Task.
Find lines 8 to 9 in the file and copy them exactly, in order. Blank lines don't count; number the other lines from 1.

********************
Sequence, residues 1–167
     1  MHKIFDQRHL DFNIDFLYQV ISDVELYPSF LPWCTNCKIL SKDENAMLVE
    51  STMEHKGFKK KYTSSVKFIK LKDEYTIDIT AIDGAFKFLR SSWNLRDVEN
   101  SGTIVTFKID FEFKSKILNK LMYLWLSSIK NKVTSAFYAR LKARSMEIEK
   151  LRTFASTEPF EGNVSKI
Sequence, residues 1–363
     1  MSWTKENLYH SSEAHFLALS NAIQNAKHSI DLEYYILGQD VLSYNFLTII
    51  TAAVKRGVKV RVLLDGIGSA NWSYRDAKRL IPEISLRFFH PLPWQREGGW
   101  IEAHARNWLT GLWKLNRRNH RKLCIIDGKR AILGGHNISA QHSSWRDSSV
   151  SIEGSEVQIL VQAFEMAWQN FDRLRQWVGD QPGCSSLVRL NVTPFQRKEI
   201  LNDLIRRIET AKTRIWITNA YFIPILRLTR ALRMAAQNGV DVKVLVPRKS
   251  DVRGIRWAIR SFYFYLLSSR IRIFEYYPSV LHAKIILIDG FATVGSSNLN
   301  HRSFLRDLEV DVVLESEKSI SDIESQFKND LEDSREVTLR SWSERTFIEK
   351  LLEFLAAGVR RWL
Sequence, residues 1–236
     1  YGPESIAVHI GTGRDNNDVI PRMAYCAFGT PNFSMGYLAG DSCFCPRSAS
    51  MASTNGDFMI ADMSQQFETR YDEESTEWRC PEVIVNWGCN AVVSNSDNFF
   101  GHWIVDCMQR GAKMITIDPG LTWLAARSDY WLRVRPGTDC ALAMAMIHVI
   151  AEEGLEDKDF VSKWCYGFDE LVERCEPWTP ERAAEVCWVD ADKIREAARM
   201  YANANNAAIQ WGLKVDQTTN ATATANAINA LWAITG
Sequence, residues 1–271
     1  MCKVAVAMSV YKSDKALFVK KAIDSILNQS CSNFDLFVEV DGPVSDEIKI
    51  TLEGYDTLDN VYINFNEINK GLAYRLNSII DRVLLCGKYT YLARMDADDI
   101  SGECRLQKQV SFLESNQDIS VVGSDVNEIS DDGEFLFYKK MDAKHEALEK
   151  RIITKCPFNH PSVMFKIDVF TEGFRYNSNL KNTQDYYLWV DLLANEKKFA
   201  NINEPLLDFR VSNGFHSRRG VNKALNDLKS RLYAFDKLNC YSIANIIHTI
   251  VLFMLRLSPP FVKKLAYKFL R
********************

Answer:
    51  TAAVKRGVKV RVLLDGIGSA NWSYRDAKRL IPEISLRFFH PLPWQREGGW
   101  IEAHARNWLT GLWKLNRRNH RKLCIIDGKR AILGGHNISA QHSSWRDSSV